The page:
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Antebellum South: Cotton Becomes King

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Leslie Schwalm

on 13 October 2016

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Transcript of Antebellum South: Cotton Becomes King

What was the "Cotton South," and why is it important?
How does cotton become the most
important crop produced by slave labor in the 19th century U.S.?
Impact of American
Revolution

Technology

Territorial expansion



Interstate Slave Trade

The Cotton Revolution


Consumer boycotts increase value of subsistence cotton production
cotton production becomes a patriotic activity during consumer boycotts
cotton cultivation gave planters an alternate use for land and slaves
Late 18th century: mechanization of British textile industry creates expanded demand for raw cotton
Obstacle: hand-cleaning cotton
1793: Eli Whitney's improvement on exisiting cotton gin technology
1790-1860: 1 million people sold from east (MD, VA, SC) to west (GA, MISS, ALA, TENN, LA, AK, TX)
U.S. seizure of Native lands and removal of Native populations, especially 1826-1838
Migration to the South's interior
US becomes leading producer of raw cotton in the world
Enslaved people, children & adults, were commodified and objects of speculation





Impact on enslaved people:
Varied by age: children, 30% chance of being sold; teenagers, 10%; adults, 5%; elderly, 2%
1 in 5 marriages separated by trade
Young women separated from families at vulnerable age (12-15 yr olds sold alone)
Constant source of anxiety and grief
Lack of generational depth on new farms and plantations
Coerced and commodified reproduction
Increased demand for slaves
Increased value of slaves*
Increased exploitation of slave laborers
Slavery at Mid-Century
of 2.5 million slaves in Southern agriculture,
73% were cultivating cotton
14% were cultivating tobacco
6% were cultivating sugar
5% were cultivating rice

Slave labor in 1850:




76% of southern white families did not own slaves
80% of all slaveowners owned fewer than 20 slaves
50% of all slaveowners owned only one slave
Less than 1% of all slaveowners owned 100 or more slaves (about 2300 families in a white population of 8 million)
MOST ENSLAVED PEOPLE WERE HELD ON PLANTATIONS

1860: 62% of all slaves lived on plantations, 1/3 on substantial plantations of more than 50 slaves.
1850: about 75,000 cotton plantations; ALA, MISS, GA: each had over 14,500 plantations.
1860 Patterns of slaveholding:





http://www.nytimes.com/interactive/2010/12/10/opinion/20101210_Disunion_SlaveryMap.html
MOST SLAVEOWNERS WERE SMALL FARMERS,
raising mixed crops and livestock, frequently hiring skilled white labor as well as slave labor to supplement family labor and the work of a single slave owned by the family.
http://www.eliwhitney.org/7/sites/default/files/minisites/cotton/patent.html
1860: the South provides 2/3 of world's supply of cotton, and cotton accounts for 60% of US exports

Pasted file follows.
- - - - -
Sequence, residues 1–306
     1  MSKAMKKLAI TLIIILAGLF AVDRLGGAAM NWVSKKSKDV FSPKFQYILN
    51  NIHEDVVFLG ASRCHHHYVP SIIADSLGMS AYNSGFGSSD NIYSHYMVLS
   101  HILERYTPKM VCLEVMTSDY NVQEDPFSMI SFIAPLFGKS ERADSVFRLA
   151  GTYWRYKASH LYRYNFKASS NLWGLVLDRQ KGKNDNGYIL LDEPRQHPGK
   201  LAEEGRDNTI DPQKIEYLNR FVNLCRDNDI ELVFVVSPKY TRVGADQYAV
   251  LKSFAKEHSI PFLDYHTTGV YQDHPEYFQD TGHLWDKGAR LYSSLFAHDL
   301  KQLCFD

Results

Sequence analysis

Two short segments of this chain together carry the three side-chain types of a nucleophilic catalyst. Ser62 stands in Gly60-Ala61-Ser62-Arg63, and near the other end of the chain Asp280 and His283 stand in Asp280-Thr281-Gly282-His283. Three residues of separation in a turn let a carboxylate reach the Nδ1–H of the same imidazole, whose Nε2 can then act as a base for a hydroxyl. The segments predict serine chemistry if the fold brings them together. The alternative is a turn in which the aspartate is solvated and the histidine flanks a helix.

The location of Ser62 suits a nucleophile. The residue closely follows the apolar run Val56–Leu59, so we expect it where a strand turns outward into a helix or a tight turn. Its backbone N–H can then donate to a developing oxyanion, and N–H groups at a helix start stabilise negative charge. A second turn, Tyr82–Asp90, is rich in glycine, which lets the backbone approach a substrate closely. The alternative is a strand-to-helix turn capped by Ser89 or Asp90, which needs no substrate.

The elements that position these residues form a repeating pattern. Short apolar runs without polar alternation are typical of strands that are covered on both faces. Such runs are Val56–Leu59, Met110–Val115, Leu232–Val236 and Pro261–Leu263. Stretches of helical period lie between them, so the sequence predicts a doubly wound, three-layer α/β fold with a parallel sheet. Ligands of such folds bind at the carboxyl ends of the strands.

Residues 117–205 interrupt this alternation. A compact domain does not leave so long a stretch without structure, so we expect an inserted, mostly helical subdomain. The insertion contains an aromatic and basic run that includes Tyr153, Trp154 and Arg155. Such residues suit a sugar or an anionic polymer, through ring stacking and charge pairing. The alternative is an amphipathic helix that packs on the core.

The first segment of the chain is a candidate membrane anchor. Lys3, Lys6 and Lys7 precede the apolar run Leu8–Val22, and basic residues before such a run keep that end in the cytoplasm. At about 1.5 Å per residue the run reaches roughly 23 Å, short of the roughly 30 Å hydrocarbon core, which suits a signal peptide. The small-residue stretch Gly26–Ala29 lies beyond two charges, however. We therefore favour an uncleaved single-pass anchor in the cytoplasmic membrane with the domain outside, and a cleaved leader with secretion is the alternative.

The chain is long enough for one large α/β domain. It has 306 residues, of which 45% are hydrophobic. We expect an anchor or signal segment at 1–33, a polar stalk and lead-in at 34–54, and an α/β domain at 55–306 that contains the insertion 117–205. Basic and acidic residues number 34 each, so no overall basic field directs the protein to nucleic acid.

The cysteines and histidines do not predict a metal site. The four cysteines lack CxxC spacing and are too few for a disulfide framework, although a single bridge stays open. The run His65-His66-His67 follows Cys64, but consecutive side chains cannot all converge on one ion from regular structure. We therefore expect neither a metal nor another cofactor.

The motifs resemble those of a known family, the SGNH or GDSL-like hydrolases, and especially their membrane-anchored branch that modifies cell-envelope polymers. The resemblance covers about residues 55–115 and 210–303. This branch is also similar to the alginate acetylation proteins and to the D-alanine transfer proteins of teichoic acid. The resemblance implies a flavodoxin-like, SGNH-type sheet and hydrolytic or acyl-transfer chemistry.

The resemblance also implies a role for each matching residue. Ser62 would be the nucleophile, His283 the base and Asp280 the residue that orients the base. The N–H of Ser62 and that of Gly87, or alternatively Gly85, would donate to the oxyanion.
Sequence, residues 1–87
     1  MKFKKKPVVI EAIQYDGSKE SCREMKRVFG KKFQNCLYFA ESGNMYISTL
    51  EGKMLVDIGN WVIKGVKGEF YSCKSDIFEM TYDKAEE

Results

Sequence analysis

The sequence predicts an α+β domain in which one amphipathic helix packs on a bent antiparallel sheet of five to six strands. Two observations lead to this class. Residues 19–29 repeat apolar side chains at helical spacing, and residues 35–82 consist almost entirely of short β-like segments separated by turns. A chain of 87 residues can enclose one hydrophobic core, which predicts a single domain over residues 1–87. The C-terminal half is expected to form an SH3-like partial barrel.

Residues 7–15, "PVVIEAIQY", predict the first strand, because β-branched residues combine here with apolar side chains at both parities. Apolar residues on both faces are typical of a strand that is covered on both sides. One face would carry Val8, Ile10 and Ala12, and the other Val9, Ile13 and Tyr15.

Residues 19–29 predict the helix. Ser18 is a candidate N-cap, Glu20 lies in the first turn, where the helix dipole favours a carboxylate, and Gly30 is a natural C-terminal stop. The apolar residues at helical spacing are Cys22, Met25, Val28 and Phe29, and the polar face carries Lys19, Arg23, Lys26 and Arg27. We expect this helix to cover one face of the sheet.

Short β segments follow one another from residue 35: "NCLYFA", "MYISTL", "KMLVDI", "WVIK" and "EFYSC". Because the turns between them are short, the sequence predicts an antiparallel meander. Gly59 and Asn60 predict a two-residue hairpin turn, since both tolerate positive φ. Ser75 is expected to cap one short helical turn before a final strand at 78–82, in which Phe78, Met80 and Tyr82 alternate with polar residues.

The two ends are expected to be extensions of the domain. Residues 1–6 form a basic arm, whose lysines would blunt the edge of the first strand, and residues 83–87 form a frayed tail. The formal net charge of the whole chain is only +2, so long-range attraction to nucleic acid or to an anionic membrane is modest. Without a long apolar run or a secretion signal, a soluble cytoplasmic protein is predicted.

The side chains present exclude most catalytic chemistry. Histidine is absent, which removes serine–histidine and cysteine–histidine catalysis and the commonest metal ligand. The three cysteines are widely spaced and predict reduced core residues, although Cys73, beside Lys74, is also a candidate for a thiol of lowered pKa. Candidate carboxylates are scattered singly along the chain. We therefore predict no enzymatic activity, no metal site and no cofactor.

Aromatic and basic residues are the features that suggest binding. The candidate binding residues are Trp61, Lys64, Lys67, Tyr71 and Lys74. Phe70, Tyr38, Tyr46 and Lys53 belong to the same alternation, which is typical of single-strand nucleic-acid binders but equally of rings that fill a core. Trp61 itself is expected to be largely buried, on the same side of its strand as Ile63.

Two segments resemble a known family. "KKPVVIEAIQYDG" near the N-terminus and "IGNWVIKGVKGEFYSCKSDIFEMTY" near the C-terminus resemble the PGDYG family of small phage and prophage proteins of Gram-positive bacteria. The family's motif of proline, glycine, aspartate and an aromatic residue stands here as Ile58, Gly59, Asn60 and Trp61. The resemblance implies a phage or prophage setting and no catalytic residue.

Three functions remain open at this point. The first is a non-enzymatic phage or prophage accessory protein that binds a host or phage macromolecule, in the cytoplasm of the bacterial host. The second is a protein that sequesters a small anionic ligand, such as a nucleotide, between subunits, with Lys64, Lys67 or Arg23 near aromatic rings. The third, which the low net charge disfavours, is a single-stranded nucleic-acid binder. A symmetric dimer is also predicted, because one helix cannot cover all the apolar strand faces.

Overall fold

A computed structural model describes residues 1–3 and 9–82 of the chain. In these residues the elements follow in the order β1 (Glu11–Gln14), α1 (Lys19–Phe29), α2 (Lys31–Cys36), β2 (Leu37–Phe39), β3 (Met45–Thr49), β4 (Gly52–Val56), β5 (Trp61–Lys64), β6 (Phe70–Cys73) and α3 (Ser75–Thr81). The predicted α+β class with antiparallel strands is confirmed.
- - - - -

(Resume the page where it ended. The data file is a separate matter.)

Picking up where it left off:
the growing supply of cotton increased demand for textile machinery, leading to many 19th century inventions
the South's investments in cotton fueled the insurance industry, the shipping industry, and the majority of American financial institutions North & South
Northern manufacturers depended on southern markets for factory-produced goods
Eyre Crowe, After the Sale: Slaves Going South from Richmond, 1854. Oil on canvas.
Taylor, An American Slave Market, after 1852. Oil on canvas.
planters, needing $ to invest in land and slaves, prompted the growth of global capital markets from NY to London
http://lincolnmullen.com/projects/slavery/
Mapping slavery's geographic expansion:
Slave labor was tortured and deprived into
levels of efficiency and productivity unseen in any other aspect of the US economy (1820-1860, six-fold increase in productivity)
MOST SOUTHERN WHITES DID NOT OWN SLAVES, AND THOSE THAT DID OWNED FEW
The US economy was built on the commodification of enslaved people, whose bodies...

were used to secure loans for land and more slaves
were used to pay debts
when sold, were taxed to generate state and local revenue
were tortured into unprecedented levels of efficiency to extract as much profit as was possible from them
1808: Congress ends legal US
involvement in Atlantic Slave
Trade.
Investments in human property:
3 x manufacturing investments
3 x railroads investments
7 x banking investments
BUT: from the perspective of slaves:

1860: 62% of all slaves lived on plantations, 1/3 on substantial plantations of more than 50 slaves

1850:
73.4% of slaveholders held fewer than 10 slaves, BUT

73.4% of all slaves lived in units numbering more than 10.
The US economy was built on the commodification of enslaved people, whose bodies...

were used to secure loans for land and more slaves
were used to pay debts
when sold, were taxed to generate state and local revenue
were tortured into unprecedented levels of efficiency to extract as much profit as was possible from them
Slave labor was tortured and deprived into
levels of efficiency and productivity unseen in any other aspect of the US economy (1820-1860, six-fold increase in productivity)
planters, needing $ to invest in land and slaves, prompted the growth of global capital markets from NY to London
Northern manufacturers depended on southern markets for factory-produced goods
the South's investments in cotton fueled the insurance industry, the shipping industry, and the majority of American financial institutions North & South
1860: the South provides 2/3 of world's supply of cotton, and cotton accounts for 60% of US exports
Slavery's regional, national, and global reach
How do you think southern whites responded
to the increasing proportion of enslaved people
in the population?
Full transcript